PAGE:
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Report: 2010 Minnesota college grads averaged $29K in debt; BSU grads finished with less debt
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Bemidji Minnesota P.O. Box 455 56619

MINNEAPOLIS -- A new report finds Minnesota students are near top in the nation in yet another category, college debt. And leading the list among public colleges is the University of Minnesota Duluth.

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A higher percentage of the class of 2010 from Minnesota colleges and universities graduated in debt and owed more money on average than graduates in the rest of the nation, according to a new report.

The Project on Student Debt reported today that Minnesota students who took out loans graduated with an average of $29,058 in education debt, the fourth-highest in the nation. It also found that 71 percent of the Minnesota class of 2010 graduated in debt, the fifth highest share nationally.

Among public colleges in Minnesota, students at UMD graduated with the most average debt, at about $30,098 on average, closely followed by Minnesota State University-Moorhead ($29,410) and Winona State University ($29,123), according to the report.

In contrast, 2010 Bemidji State University students graduated with an average of $26,799 of debt. Of BSU graduates that year, 89 percent finished their college careers with debt, according to the report.

The figures were compiled from survey data by the group, which is affiliated with The Institute for College and Success, a California-based nonprofit that promotes higher education access and affordability. The data does not include students at for-profit colleges.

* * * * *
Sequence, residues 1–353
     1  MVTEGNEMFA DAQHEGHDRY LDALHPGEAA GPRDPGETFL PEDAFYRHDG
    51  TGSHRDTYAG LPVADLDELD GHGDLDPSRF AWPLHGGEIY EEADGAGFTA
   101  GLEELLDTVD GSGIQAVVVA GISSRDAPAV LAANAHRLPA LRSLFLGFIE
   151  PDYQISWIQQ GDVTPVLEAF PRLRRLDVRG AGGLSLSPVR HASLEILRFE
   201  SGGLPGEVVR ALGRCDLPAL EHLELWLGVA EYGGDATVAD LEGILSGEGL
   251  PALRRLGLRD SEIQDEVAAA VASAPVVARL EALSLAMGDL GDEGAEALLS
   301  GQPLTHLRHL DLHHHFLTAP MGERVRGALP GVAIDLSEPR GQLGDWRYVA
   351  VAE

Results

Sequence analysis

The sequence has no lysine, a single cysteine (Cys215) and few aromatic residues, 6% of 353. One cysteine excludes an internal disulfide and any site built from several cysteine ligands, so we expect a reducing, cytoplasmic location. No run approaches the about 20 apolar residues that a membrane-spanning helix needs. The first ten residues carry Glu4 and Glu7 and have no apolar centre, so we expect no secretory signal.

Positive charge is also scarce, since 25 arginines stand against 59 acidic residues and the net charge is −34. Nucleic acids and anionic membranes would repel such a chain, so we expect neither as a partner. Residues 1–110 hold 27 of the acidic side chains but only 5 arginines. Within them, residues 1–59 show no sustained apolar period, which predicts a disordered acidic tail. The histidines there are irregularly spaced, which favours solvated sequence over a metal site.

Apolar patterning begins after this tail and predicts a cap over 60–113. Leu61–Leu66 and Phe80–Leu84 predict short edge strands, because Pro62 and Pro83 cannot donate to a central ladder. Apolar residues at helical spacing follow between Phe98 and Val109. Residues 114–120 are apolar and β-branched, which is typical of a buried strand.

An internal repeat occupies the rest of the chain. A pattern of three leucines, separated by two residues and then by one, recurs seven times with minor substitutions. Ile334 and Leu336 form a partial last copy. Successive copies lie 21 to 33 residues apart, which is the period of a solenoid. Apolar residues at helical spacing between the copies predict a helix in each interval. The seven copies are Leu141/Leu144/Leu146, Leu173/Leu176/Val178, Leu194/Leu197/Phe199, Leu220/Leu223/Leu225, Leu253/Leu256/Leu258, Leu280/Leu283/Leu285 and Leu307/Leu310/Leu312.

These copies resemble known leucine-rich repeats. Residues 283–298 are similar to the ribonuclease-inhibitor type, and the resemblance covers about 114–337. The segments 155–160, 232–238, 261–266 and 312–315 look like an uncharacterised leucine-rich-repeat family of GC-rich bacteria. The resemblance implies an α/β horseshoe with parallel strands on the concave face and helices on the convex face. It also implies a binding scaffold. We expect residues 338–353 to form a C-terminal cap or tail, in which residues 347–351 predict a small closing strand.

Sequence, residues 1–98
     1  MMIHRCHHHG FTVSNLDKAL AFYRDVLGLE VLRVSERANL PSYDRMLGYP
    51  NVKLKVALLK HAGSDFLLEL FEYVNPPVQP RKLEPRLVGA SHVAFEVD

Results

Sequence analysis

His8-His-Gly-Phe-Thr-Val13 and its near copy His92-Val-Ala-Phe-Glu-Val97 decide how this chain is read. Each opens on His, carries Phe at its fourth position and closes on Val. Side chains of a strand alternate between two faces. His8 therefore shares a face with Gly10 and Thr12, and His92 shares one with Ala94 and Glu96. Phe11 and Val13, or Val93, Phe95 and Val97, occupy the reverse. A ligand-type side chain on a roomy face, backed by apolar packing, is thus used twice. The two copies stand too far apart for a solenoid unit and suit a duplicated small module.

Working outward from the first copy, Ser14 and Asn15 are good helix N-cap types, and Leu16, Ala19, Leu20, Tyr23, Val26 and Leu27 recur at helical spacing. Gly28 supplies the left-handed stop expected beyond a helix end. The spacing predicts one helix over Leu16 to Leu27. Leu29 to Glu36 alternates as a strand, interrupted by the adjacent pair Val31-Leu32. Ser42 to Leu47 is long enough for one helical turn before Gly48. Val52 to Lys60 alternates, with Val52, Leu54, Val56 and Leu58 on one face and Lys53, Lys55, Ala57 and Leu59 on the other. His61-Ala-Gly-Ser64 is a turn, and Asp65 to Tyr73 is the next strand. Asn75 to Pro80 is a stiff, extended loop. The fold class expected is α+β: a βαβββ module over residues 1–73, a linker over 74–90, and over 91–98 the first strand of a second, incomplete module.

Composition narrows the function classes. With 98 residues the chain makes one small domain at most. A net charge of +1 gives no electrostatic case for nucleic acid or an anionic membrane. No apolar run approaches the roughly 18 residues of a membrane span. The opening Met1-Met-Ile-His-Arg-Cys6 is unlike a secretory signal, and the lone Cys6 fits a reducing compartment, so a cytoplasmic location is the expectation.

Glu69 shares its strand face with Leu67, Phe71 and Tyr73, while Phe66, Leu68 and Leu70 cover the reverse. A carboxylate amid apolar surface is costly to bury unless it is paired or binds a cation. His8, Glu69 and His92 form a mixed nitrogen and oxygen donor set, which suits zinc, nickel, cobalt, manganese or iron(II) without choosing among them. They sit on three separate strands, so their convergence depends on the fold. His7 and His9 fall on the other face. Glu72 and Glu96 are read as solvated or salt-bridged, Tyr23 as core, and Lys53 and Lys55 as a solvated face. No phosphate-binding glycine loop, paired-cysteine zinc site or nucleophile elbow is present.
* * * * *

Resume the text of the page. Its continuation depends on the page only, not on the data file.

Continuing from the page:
Nationally, the average graduating debt was $25,250. The report said students in the Northeast and Midwest usually had higher debts than those in the West. New Hampshire had the highest average debt at $31,048, while Utah was lowest at $15,509.

Larry Pogemiller, the new director of Minnesota's Office of Higher Education, said the numbers illustrate how expensive higher education has become. "It's kind of getting out of hand, it is out of hand," he said.

Secondly, the state's education leaders better make sure that pricey education is worth it. "If the quality doesn't support that (debt), it's a double problem," he said.

Among the private colleges listed, graduates of the Minneapolis College of Art and Design were tops at nearly $44,385, followed by the College of St. Scholastica ($40,816) and a tie between the College of Visual Arts in St. Paul and Crown College in St. Bonifacius, both at $38,402.

However, the average graduating debts for one of the state's most expensive private colleges, Macalester College in St. Paul, was not included in the report.

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